Using Wheels in Various Ways


For the last couple of weeks, the preschool children have been intrigued by the wheels and rolling them. Outside, several of the preschool children were having fun playing with the wheels we have. Some children were rolling them down the grassy hill and chasing after it. Wesley said, “I’m rolling it super fast, it goes rolling all the way to the fence.” Benjamin was rolling his wheel along the concrete, using his foot to get it started. “It rolled over there on the concrete and it went up in the grass a little bit,” Benjamin said. Lily Rose and Wesley were carrying a wheel up the hill together and Lily Rose said, “We’re picking it up together because it was too heavy,” demonstrating great teamwork. Anna, Bela and Lilya decided to use the wheels to lay their heads down on and Anna said, “We’re just taking a nap, these are our pillows.” Each child used the wheel in their own creative way.

To further extend on this we put paper on two big pieces of wood and leaned them up against one of the logs outside as ramps. Three trays were filled with paint and a wheel was added to each one. The preschoolers were then invited to come roll the wheels down the ramps, watching the wheels create tire marks on the paper. We had three different wheels that made unique track marks, two were bigger and one was smaller. Sometimes the wheels made it all the way down, sometimes they fell off the ramp, and a few times they came off one ramp but went onto the other one. The preschoolers used their gross motor skills to cover the tires in paint and roll them down the ramps. Verbal communication skills were also used as the children shared their observations with their peers and educators. Social skills were demonstrated as the children waited their turn and encouraged their peers.

Our continuation of exploring wheels led to educator Nicole K bringing in a big car tire from home for the preschoolers to enjoy for a few days. The children were so creative and used the tire in many ways, showing cooperation with each other. Luke enjoyed looking inside the tire to see what was in there. “There’s water in there,” he said. Lilya tried standing inside the tire when it was laying down and said, “I’m inside it.” We worked together to bring the tire up the hill; we had to look carefully to make sure no one was in the way before we sent the tire rolling quickly down. As some of the preschoolers pushed the tire back up the hill, Anna said, “I need so many friends to help,” and Theo agreed, adding, “This is a lot of work.” When Lily Rose was working with some of her friends to roll the tire around the playground she said, “We’re all strong,” as they talked about how all the children were strong. Luke helped roll it along and started singing, “We go beep beep, we go beep beep.”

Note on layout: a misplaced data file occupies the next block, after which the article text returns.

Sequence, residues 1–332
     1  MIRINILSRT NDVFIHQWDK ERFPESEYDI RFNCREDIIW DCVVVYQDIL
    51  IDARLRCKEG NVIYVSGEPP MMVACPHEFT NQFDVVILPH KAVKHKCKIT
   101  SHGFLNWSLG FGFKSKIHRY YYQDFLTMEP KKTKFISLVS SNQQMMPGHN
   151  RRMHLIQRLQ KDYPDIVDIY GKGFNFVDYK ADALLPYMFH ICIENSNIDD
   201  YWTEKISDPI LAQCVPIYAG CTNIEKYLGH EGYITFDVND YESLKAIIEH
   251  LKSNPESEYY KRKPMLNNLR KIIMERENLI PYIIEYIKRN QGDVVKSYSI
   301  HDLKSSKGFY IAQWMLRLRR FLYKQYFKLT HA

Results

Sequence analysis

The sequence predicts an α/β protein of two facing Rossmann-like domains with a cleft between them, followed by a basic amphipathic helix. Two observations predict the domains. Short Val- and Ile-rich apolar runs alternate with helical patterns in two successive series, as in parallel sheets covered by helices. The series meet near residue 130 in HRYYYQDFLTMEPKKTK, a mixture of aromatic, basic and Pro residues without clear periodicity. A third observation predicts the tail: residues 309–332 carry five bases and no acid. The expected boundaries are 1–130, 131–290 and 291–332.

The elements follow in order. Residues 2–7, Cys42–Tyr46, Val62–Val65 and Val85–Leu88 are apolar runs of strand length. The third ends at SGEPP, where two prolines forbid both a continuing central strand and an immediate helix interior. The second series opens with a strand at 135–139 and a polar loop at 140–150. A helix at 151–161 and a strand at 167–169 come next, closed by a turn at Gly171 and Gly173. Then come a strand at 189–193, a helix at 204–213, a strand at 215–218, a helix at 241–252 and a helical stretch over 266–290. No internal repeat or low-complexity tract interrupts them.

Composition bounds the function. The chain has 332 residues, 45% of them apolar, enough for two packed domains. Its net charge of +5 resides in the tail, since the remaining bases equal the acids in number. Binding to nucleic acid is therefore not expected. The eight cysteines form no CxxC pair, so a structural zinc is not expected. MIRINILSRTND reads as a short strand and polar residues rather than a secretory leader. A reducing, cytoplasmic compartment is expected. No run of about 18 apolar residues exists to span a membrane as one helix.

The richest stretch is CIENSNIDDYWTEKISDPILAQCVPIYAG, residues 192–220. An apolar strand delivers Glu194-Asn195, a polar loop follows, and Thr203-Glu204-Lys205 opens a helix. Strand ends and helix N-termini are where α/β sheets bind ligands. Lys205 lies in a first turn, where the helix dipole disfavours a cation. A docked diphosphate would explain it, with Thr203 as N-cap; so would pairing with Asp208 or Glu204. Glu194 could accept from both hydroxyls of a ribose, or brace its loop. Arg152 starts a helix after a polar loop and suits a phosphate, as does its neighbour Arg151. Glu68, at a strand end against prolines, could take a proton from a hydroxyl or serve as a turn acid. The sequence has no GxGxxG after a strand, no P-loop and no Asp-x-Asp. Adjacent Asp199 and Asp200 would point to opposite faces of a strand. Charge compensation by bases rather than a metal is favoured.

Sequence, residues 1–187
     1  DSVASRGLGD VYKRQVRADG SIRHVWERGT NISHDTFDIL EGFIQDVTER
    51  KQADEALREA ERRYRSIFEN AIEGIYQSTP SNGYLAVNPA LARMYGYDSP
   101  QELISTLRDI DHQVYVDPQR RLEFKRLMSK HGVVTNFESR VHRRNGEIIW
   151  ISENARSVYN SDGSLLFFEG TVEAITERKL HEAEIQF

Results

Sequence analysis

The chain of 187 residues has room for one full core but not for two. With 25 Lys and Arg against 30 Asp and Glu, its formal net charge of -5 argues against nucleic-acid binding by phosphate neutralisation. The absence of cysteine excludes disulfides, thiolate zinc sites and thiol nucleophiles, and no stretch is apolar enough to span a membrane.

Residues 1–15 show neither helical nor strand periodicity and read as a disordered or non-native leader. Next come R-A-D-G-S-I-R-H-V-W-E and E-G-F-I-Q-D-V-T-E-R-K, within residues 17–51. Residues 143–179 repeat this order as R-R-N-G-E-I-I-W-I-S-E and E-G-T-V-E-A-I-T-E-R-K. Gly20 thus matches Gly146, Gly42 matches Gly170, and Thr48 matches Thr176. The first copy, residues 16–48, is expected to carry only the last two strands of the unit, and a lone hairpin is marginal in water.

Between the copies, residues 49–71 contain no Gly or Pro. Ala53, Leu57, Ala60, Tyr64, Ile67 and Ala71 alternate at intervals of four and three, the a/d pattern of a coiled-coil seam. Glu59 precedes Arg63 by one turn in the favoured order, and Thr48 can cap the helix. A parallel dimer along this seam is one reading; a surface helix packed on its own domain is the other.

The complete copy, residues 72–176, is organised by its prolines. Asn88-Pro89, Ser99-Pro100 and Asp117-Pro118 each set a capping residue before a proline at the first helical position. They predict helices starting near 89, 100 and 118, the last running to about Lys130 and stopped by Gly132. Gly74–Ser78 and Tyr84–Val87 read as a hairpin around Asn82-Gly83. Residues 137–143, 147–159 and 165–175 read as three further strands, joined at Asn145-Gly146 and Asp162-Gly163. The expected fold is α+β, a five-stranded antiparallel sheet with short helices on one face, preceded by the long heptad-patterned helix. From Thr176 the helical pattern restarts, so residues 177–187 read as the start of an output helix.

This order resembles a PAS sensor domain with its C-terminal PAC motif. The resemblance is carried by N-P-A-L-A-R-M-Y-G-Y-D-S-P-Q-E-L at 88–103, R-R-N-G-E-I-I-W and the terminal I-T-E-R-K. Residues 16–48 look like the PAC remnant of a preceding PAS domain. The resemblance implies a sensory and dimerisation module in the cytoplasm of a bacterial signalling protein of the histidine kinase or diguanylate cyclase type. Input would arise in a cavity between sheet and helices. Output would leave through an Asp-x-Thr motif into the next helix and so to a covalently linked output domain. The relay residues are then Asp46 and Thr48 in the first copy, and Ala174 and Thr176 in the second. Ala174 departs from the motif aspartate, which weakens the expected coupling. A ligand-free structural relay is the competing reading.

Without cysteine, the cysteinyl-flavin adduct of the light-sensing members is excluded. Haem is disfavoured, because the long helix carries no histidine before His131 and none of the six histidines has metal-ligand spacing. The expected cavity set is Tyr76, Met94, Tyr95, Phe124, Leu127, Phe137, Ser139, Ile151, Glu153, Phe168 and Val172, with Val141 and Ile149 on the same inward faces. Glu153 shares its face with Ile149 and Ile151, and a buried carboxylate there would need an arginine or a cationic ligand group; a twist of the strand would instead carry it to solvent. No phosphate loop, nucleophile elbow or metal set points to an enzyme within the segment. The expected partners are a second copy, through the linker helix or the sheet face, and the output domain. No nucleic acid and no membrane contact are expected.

The tire was also used in a dramatic play way. Anna, Jaime, and Emily were sitting in the tire pretending it was a boat. Anna asked, “Why did we stop?” and Jaime quickly replied, “There’s ice in the water!”

Fine motor skills were explored as well. As Emily examined the tire closely she noticed all the grooves and was trying to squeeze rocks into them. The preschool friends used their gross motor skills, their problem-solving skills, and even representation as they imagined the tire being different things.

One last expansion was when educator Nancy brought in a gear set to see what the preschool children would do and how they would relate it to the wheel exploration. Theodore, Oliver, Leo, Wesley, and Lilya used one interlocking base and connected the gears vertically together, as tall as they could, so that when they turned one gear all the gears that were connected moved with them. Watching the gears turn reminded them of the way a wheel rolls! However, the gears were also explored in other ways. Nicolas got creative and built a house out of the gears, turning them to open and close the front door of his house. Alice built a forest using 3 interlocking bases; the orange square pillar represented the stumps and the green six-way axles were the leaves. The creativity displayed was wonderful. While this versatile, interconnecting gear set is different every time we build, it is a direct parallel to the wheels. We are able to foster imagination and offer ways to experiment with simple mechanics and science, which supports STEM as we introduce the children to sorting, grouping, counting, designing, constructing, and putting physics into play with spinning gear movement- just like pushing a tire down a hill or steep incline. It also boosts fine motor skills while also promoting reasoning as the children create moving experiments and the learning gets more intricate as children’s abilities advance.

Preschool child rolling wheel down ramp with paint preschool boy rolling wheel through paint on paper Children building gears with educator